Pay to play, Boston style.
by Kevin Sowyrda
If it's Mayor Menino's narcissistic intent to continue impersonating Marie Antoinette - minus the ornate garments and Austrian accent - I'll be the singular person in the Hub to tell you that an upset of historic proportions is in the offing in the upcoming mayoral contest where the incumbent has been considered all but invincible.
For some weeks now, while Bostonians are dodging pink slips more than meter maids, Menino has been apprehended - by the media that is - for living a life style that would put any self-respecting Bourbon Royalist to shame. In good times the chronicles of Menino's missions of self indulgence would serve as sufficiently grating. But at a point in history when we all feel like we're living a real life version of that iconic T.V. series the WALTONS, the news of one million dollars in Menino's political cash being lavished on the payroll patriots, and His Honor's highly paid detective son enjoying the benefits of what some are calling a no show job with a development company which regularly begs for mayoral favors, is just too naked for any apologetic press release to cover up.
It's a little difficult to calculate which sin better portrays the pugnacious and self centered politician. On December 29, 2008 the Boston Globe reported that Menino has spent a staggering $1.2 million from his political war chest over the past three years on all things trite and ridiculous, ranging from fabulous galas to endless dining events at the South End's Hamersley's Bistro. If the mayor's campaign chest was burning such a hole in his pocket, a cool million would have gone a long way to help people in greater need than the perennial political activists already fattened at the trough.
But perhaps the more egregious sin is not that difficult to consider. With unemployment certain to hit eight percent before the end of the quarter, Bostonians learn from a Boston Herald article that Tom Menino, Jr., His Honor's police detective son, was paid $137,000 in 2007. Though it's hard to digest how the mayor's progeny was able to reportedly earn 310 overtime hours, the average laid off Bostonian has a difficult task figuring why and how $137,000 isn't enough for the young lad to survive on, family and all. But apparently it's not. Hence Suffolk Construction enters this sordid, political play.
Suffolk's web page will tell you that they are dedicated to "exceptional client service." Apparently, Mayor Menino's son is treated better than any client could hope for. The royal prince works as a safety consultant for Suffolk for a sum of cash yet to be determined; and we are to believe this has no influence on city hall, where the fate of Suffolk Construction projects is deliberated on a daily basis by the mayor's minions.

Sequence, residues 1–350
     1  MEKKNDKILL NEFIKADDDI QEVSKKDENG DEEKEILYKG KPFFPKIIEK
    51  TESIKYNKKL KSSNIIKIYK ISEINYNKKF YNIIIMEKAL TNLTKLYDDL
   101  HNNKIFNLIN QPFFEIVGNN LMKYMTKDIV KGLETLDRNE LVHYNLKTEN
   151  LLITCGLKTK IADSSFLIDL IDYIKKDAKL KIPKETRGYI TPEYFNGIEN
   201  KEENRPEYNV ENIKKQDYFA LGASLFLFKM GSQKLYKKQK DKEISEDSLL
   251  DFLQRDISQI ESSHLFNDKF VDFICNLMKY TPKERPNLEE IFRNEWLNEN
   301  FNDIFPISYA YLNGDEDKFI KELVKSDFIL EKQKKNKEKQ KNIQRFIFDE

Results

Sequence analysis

The city legal counsel, William F. Sinnot, patronizes us by declaring there's no conflict of interest here and nothing for us to worry our pretty, little heads about. Memo to Mr. Sinnot - Illinois Governor Blagojavich should pray every day that you become the next U.S. Attorney for his state.
Sinnot is as much a sycophant as he is an incompetent lawyer. The Menino affair is absolutely a conflict of interest, even by the lowest bar of ethical standards. It's Boston's version of pay to play and it's a perfectly reasonable impetus for Bostonians to seek a new administration at city hall which will be committed to anything but business as unusual. In the interim, the state should investigate exactly who arranged for the princely sum for the mayoral prince; and what quid pro quos may have been negotiated. Since Attorney General Martha Coakley has disappeared (anyone who can find her doing something about state corruption is hereby offered a $1,000 cash finders fee) we should expect the U.S. Attorney - the only law enforcement office in Massachusetts which seems to care about ferreting out public corruption - to vet the situation.
And then there's this. There's no neighborhood in the Baystate where pay to play has garnered more headlines than in Boston's South End. With a former state senator and a current city councilor headed for trial on bribery charges, South Enders understand what bribery means. But there are two types of bribes, aren't there? There's illegal bribes, where getting caught taking cash lands you in handcuffs. Then there's legal, or acceptable, bribery, where taking cash in an indirect manner - such as a great job for your son - just lands you in the media dog house.
For my money, I see no difference between legal bribes and illegal bribes. It's all the same type of corruption and cronyism.